''I tell you, frankly, I had a very good feeling the last few days. I had a very positive feeling thinking things will go all right," said Altmann, reached by telephone at her home in Los Angeles. ''I'm thrilled that it came to this end."

Though the court's ruling is nonbinding, both parties have previously said they will abide by it, and Austria's government is expected to give up the works of art that have been displayed for decades in Vienna's ornate Belvedere castle.

That would represent the costliest concession since Austria began returning valuable art objects looted by the Nazis. The pictures have been estimated to be worth at least $150 million.

But for lovers of Klimt, at least one of the disputed paintings -- the oil and gold-encrusted portrait ''Adele Bloch-Bauer I" -- is priceless. Altmann, 89, is the niece of Bloch-Bauer, who died in 1925. The subject's family commissioned her famous portrait and owned it, along with the four other Klimt paintings disputed in the case.

Jane Kallir, co-director of New York City's Galerie St. Etienne, which introduced Klimt to the United States in 1959, calls the 1907 portrait ''literally priceless." Stylistically similar to Klimt's world-renowned ''The Kiss," the painting is replicated on T-shirts, cups, and other souvenirs.

Austria considers the paintings part of its national heritage. Klimt was a founder of the Vienna Secession art movement that for many became synonymous with Jugendstil, the German and central European version of Art Nouveau.

Bloch-Bauer represented the cream of Viennese society -- a Jugendstil ''Mona Lisa" with her shock of black hair, full lips, strong hands, and expressive brown eyes set against Klimt's gold and gilt framework. As early as 1908, a Vienna art critic described it as the portrait of ''an idol in a golden shrine."

Lawyer E. Randol Schoenberg, who represents Altmann, said the court's decision fulfilled all her hopes and expectations."

''It will make Mrs. Altmann . . . very happy," he told the Austria Press Agency.

The case stemmed from a 1998 Austrian law that required federal museums to review their holdings for any works seized by the Nazis and determine whether they were obtained without remuneration.

A formal announcement of the court decision, and Austrian government reaction, were expected today.

Lawyers for the two sides have fought since 1998 over rights to the famed portrait and four other paintings -- a lesser-known Bloch-Bauer portrait as well as ''Apfelbaum" (''Apple Tree"), ''Buchenwald/Birkenwald (''Beech Forest/Birch Forest), and ''Haeuser in Unterach am Attersee" (Houses in Unterach on Attersee Lake").

The two sides began mediation in March, following a US Supreme Court decision that Altmann, a retired Beverly Hills clothing boutique operator, could sue the Austrian government.

After Bloch-Bauer died, the five pictures remained in her family's possession. Her husband fled to Switzerland after the Nazis took over Austria. The pictures were then taken by the Nazis and the Austrian Gallery was made the formal owner.

Attorneys for Austria have argued Altmann's aunt intended to give the works to the gallery.

© Copyright 2005 The New York Times Company

Keywords: Gustav Klimt, Altman, Austria, Nazi stolen art, Bloch-Bauer, Jugendstil, E. Randol Schoenberg, Belvedere castle

Sunday, January 15, 2006

New Self Portrait of Paul Grant

Keywords: Paul Grant,,

Saturday, January 14, 2006

paul's poster:

Keywords: Artist Paul Grant, Volunteering

Tuesday, January 10, 2006

What does volunteerism look like?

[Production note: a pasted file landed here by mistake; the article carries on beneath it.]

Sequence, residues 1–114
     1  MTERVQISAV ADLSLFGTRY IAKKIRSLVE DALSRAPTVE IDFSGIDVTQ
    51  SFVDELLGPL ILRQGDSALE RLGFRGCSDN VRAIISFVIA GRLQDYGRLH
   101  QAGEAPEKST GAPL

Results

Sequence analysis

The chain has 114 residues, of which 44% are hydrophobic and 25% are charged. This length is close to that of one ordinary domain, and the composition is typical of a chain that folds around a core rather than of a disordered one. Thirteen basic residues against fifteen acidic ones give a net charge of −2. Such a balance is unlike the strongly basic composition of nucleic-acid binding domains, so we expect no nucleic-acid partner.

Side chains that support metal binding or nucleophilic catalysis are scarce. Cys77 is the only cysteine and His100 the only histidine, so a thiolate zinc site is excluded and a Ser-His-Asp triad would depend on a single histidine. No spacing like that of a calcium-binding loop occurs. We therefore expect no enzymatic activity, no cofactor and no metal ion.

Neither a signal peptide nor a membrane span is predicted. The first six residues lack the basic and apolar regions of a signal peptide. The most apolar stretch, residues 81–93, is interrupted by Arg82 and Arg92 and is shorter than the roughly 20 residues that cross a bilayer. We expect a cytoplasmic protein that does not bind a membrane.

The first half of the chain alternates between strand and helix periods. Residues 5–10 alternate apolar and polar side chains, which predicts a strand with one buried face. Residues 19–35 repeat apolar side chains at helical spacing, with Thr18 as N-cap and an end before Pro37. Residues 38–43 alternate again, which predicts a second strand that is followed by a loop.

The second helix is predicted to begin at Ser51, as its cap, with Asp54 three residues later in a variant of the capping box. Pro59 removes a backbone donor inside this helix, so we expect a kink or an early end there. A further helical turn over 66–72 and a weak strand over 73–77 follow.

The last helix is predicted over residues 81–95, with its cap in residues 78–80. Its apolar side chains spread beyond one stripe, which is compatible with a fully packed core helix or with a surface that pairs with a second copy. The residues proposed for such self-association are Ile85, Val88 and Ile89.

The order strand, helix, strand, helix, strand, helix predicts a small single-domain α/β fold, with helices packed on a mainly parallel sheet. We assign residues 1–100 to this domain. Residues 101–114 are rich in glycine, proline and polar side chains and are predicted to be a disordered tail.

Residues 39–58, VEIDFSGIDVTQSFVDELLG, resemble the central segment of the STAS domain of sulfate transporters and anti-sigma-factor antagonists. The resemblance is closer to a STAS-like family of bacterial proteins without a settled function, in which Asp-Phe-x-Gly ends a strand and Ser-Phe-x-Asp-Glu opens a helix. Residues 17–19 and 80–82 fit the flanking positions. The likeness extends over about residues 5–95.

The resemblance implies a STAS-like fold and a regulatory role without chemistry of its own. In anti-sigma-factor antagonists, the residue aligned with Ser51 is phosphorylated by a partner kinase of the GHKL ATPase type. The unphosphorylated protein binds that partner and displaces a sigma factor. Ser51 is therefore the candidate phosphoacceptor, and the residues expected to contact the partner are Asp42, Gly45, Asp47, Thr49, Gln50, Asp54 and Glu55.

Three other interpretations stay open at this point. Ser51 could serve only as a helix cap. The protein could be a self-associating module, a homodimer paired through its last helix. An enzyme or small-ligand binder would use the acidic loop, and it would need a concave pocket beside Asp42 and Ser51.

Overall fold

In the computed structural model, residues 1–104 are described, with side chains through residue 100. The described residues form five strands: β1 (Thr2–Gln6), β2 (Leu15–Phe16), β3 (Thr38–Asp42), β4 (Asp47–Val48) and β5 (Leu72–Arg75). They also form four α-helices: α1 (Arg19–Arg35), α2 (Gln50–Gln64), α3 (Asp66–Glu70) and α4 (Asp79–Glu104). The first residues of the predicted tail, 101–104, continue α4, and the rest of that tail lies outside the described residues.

Put it on a poster. Any size, any medium, any form.

View the flyer here

The inaugural International Youth Volunteerism Summit is a weekend conference to celebrate the impulses behind youth volunteerism around the world. At the same time, it will create a social and intellectual space for serious critical discussion of the limits and pitfalls of those impulses as well as extending our understanding of what “volunteerism” really. Art shows and documentary screenings will push our understanding of what it means to be productively engaged abroad. Delegates and speakers from all parts of the world will participate in this 4-day summit, held on February 23-26, 2006 at Northwestern University.

Poster entries will be displayed on this site for voting.
The winning entry will be featured on publicity materials sent around the world. The best entries will be displayed as part of an exhibition at the Summit.

All Entries must be received by January 15th by…

Wednesday, January 04, 2006

Artist binds feet in desert and looses key- Hops back to civilization with his art work

Note this is not his picture. Just added it to give a visual to the story,

Pauls thoughts- Good press, but no follow up- no where to see the art- no pics of him or his work able to be found on the web. the value of this little publicity may have staying power in his own town, but it had incredible potential on a larger scale.

An artist who chained his legs together to draw a picture of the image hopped 12 hours through the desert after realizing he lost the key and couldn't unlock the restraints, authorities said Wednesday.

Trevor Corneliusien, 26, tightly wrapped and locked a long, thick chain around his bare ankles Tuesday while camping in an abandoned mine shaft about five miles north of Baker, San Bernardino County sheriff's Deputy Ryan Ford said.

"It took him over 12 hours because he had to hop through boulders and sand," Ford said. "He did put on his shoes before hopping."

The artist, who is from the area, often sketched images inside mines in the Southwest. He had finished his drawing Tuesday when he realized he didn't have the key.

Corneliusien finally made it to a gas station and called the sheriff's department, which sent paramedics and deputies with bolt cutters. His legs were bruised but he was otherwise in good health, Ford said.

The artist did not have a listed phone number and could not be reached for comment.

And the drawing?

"He brought it down with him," Ford said. "It was a pretty good depiction of how a chain would look wrapped around your legs."

Trevor Corneliusien, San Bernardino County, Paul Grant on Art